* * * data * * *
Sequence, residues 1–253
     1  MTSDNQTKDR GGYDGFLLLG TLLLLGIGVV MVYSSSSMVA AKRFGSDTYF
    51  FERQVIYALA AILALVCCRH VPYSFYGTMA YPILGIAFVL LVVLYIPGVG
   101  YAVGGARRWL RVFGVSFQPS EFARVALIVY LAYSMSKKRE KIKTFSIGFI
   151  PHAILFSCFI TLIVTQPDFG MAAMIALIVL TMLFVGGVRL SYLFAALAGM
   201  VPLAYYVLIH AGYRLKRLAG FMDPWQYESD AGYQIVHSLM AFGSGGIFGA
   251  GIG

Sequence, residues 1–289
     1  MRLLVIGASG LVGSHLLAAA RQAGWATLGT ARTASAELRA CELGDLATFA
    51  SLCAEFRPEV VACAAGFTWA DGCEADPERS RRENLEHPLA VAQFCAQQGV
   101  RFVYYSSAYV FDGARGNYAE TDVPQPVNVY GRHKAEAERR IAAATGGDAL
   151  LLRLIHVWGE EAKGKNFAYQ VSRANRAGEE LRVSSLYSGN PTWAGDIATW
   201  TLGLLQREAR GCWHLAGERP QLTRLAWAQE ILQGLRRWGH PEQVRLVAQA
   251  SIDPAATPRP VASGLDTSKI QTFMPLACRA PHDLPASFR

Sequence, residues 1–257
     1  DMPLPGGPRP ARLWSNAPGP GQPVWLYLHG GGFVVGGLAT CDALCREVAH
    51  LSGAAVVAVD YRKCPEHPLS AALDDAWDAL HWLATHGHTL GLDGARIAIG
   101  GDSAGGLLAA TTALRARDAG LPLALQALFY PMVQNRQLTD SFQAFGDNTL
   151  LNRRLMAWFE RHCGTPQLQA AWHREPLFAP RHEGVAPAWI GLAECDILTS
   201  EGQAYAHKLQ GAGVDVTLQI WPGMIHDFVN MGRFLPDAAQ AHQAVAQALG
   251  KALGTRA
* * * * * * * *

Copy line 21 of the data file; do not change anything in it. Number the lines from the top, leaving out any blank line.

   251  KALGTRA